The rise of the smartphone and the subsequent shift to apps over the mobile web completely changed the way advertisers connected with consumers. Adtech companies introduced new formats that complemented user behaviors, such as in-app ads. At the same time, gaming and tech companies also made a move to incorporate ads into gaming experiences on mobile devices as well as PCs and consoles, calling the format in-game ads. So, if an ad appears in a mobile game, is it an in-app ad or in-game, and does it matter? In this article, Anzu’s VP Sales, Alex Yerukhimovich, discusses the difference between formats and how brands can use each one to their benefit. 

Marketers have always looked to capitalize on the newest forms of communication and entertainment to reach audiences. In its heyday, placing ads in print media was the gold standard. Once television sets became standard in homes, brands that could afford to produce commercials or secure product placement deals within movies outpaced smaller companies that didn’t have the same budgets.

Then, the internet matured, and marketers started placing ads on websites. It seemed as though the golden age of digital marketing had arrived. Tech companies rushed to find ways to deliver ads faster and with a higher degree of relevance. Programmatic technology, coupled with advanced targeting capabilities, was a game-changer as marketers could maximize connections with consumers who were willing to trade personal information for better experiences. 

But, consumers can be fickle. They quickly became exhausted as they were bombarded by ads, some of which were completely irrelevant to them and others that caused technical glitches like slow loading times. Others were alarmed by third-party cookies that enabled ads that followed people across their browsing experience. Both situations led to the mass interest in and installation of ad blockers. In line with people’s distaste for third-party cookies and the growing concern over data privacy, Google announced earlier this year, that the third-party cookie will crumble, so to say, in about two years. Yet, it’s not all doom and gloom in the world of advertising. It’s quite the opposite, and we can thank technology for that too.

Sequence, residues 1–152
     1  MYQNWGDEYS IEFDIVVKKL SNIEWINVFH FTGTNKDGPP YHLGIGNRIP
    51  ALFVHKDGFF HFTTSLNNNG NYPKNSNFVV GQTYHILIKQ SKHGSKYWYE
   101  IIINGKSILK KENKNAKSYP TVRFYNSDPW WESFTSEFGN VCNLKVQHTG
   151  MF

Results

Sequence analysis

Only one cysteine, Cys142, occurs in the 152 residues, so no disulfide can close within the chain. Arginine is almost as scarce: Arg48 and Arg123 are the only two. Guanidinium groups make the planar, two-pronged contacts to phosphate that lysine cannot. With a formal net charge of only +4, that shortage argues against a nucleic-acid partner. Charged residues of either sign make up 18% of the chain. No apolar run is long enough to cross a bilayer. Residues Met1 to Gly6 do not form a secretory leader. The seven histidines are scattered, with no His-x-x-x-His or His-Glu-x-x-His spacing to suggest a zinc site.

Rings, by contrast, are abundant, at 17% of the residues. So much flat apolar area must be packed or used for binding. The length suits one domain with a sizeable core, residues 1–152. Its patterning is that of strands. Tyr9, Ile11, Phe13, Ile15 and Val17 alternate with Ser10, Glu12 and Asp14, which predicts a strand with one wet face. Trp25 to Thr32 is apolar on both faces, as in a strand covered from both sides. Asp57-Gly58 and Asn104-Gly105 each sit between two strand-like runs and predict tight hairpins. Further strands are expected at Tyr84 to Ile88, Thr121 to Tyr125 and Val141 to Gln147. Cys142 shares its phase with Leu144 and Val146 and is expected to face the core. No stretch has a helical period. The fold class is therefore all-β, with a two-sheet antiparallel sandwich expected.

We have become reliant on smart devices. The average person spends three hours and 15 mins on their phone while top users log more than four and a half hours per day. In the first half of 2018, nearly 77% of the total gross app revenue came from consumer spending on gaming apps, which is no surprise given that over 65% of US smartphone users have multiple gaming apps on their devices. Brands, well aware of these statistics, try to reach consumers through their devices with in-app ads, including in games.

Fortnite is one of the most popular video games of all time.

Source: Pikist

The ever-growing popularity of gaming extends beyond smart devices to consoles. As of May 2020, more than 157 million PlayStation 2 consoles have been sold in addition to 154 million Nintendo DS consoles, 118 million Game Boys, and 85 million Xbox 360s. As they’ve done in the past, adtech companies have developed technology to incorporate advertising into console games, now referred to as in-game ads.